To help us we also used Rembrandt’s famous painting The Return of the Prodigal Son which I took off my office wall and leaned up on a chair.
We discussed five ‘R’s which summarised some of the themes within the story. Many are especially relevant to people who have experienced homelessness:
The younger son rejected the Father in the most humiliating of ways. Firstly, he asked for his inheritance early which was tantamount to saying ‘I wish you were dead’. Secondly he left home and spent all the money on wild living – or ‘wine, women and song’ as paraphrased by one of the group.
When he has lost all he has, the younger son comes to his senses and decides to return home – to declare his wrong and ask for forgiveness and to work as a servant. Repentance sounds like a very religious word but it means to ‘turn around’, to change direction and this is what the younger son does.
Before he gets home, ‘when he was still far off’, the Father sees his son in the distance and rushes out to embrace him. The son and his Father are reunited, they are reconciled together.
His Father orders for a ring to be placed on his finger, a robe to placed around him and for a massive party to start! This reconciliation is far more than simply forgiveness and it greatly exceeds the son’s request to return as servant. This is full restoration into the family.
And yet, as so often in the Bible, this is not a simple happy ending. The older son is resentful of what has happened and refuses to join in the celebrations. He displays his own bitterness and insecurity about his brother’s return. He has stayed at home and worked dutifully, but has perhaps been unsure of how much he is loved. In many ways both sons are lost – we know the outcome for the younger son but we are not told what happened to the older son.
The power and relevance of the story
The amount of discussion and debate created by looking at this story is a testimony to both its power and its relevance. Its not hard to identify with the themes of the story.
For example, there was passionate debate as to whether it was right that the younger son was welcomed back – especially when it upset the older son so much. Was this fair? Was it right? Should he not have come back on probation?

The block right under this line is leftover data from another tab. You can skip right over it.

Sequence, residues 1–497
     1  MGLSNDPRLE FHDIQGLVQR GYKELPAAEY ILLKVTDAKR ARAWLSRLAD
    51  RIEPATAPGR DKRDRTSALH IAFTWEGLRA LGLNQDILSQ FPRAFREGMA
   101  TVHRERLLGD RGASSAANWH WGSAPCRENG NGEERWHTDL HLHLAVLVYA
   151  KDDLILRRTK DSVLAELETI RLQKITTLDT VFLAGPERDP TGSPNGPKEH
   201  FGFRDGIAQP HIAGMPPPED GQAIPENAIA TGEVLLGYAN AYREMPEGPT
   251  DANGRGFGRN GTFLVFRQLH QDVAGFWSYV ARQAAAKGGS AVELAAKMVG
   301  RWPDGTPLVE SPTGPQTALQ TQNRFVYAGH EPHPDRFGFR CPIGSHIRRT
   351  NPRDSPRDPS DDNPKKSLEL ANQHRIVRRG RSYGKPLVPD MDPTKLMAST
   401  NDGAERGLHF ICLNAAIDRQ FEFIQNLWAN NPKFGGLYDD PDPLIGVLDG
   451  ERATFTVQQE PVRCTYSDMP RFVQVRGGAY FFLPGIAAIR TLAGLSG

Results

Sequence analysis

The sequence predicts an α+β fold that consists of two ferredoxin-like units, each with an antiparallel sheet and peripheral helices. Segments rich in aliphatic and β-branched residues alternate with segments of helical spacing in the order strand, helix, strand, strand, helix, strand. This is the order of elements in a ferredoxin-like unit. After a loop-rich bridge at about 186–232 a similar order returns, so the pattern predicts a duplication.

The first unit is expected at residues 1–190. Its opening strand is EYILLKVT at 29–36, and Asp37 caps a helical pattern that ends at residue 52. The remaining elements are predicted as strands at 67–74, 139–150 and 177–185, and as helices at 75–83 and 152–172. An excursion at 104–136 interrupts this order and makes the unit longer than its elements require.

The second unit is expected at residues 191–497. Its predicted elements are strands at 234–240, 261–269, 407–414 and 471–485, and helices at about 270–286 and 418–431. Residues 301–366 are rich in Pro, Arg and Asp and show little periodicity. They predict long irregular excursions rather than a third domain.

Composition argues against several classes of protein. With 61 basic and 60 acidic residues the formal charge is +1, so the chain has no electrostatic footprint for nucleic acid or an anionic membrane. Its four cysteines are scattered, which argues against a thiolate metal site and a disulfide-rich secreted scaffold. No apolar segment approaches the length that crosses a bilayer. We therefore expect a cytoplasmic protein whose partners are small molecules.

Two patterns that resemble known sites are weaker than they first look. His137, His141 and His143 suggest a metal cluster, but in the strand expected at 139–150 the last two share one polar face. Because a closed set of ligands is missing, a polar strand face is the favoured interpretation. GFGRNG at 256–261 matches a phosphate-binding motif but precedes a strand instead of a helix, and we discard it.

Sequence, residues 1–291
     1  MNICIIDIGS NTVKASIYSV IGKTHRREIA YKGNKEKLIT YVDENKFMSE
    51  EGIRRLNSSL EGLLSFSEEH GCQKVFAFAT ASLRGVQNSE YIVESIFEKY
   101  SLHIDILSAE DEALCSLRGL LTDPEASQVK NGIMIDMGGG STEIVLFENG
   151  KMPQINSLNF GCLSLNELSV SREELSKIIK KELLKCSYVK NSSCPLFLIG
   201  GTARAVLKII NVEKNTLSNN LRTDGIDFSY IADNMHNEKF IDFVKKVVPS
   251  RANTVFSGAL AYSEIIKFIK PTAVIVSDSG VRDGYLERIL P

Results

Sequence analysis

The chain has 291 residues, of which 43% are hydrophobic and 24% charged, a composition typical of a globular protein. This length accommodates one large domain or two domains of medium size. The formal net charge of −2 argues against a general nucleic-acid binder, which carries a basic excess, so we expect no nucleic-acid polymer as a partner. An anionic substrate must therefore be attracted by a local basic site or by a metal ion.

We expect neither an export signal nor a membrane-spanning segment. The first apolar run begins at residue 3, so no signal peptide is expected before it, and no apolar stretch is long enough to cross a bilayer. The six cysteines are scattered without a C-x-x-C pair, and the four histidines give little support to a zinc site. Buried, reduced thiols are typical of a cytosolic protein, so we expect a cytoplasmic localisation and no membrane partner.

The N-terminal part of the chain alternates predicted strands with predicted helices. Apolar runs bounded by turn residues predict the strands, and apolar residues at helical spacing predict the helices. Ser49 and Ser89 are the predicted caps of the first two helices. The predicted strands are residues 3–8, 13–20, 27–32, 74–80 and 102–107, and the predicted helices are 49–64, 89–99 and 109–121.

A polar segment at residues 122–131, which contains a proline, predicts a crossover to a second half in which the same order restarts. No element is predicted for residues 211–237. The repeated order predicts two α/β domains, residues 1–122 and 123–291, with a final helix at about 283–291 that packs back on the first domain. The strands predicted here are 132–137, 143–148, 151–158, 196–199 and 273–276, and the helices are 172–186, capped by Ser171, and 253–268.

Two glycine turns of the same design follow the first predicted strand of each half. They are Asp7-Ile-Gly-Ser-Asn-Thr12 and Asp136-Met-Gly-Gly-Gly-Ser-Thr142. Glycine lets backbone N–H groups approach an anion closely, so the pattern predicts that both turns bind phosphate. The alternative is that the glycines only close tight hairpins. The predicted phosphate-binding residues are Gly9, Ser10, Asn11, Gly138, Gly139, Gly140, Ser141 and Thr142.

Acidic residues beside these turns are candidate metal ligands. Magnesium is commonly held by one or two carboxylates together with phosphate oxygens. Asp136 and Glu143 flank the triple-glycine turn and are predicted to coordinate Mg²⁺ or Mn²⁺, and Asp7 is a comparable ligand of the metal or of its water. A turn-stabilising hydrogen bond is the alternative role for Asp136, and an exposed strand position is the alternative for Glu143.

Dutiful religion…or outrageous grace?
Our discussion led us to discuss the grace of God which lies at the heart of the meaning of this story. And its a grace which is often in contrast to what people see in so much religion.
The older son, standing on the right of the picture, looks similar to the Father. He wears a similar cloak and beard. Yet he is the one detached from the grace which embraces and forgives the younger son. He is the one who appears on the margins, awkwardly looking in unsure of how to respond.
The attitude of the older son illustrates the danger of religion which reflects God’s purposes on the outside but is full of bitterness and resentment on the inside. A religion which has overtime fails to reflect and recognise God’s grace. However committed, however dutiful, God’s love cannot be earnt. It is a free gift.
The younger son is in a mess, he is in rags, dirty and shaved headed. He is a disgrace, an outcast. In Rembrandt’s painting, he looks almost foetal in his dependence on his Father. He comes as a child to where love and grace is found. He has truly come home.
A story coming alive
So this week, in the basement of our homeless day centre, this famous old story came alive to me in a fresh and wonderful way. We reflected and learnt together as a group because everyone has experiences of the difficulties and pain of being forgiven, of giving forgiveness and of finding it hard to forgive.
Most importantly, it was another reminder that God’s grace, which is unearned and freely given, is at the heart of Christianity. This grace is available to all. As Philip Yancey has written:
‘There is nothing we can do to make God love us more and there is nothing we can do to make God love us less.’
A book recommendation
I would hugely recommend Henri Nouwen’s ‘The Return of the Prodigal Son: A Story of Homecoming’ which is full of rich insights on the spiritual relevance of both the story and Rembrandt’s painting.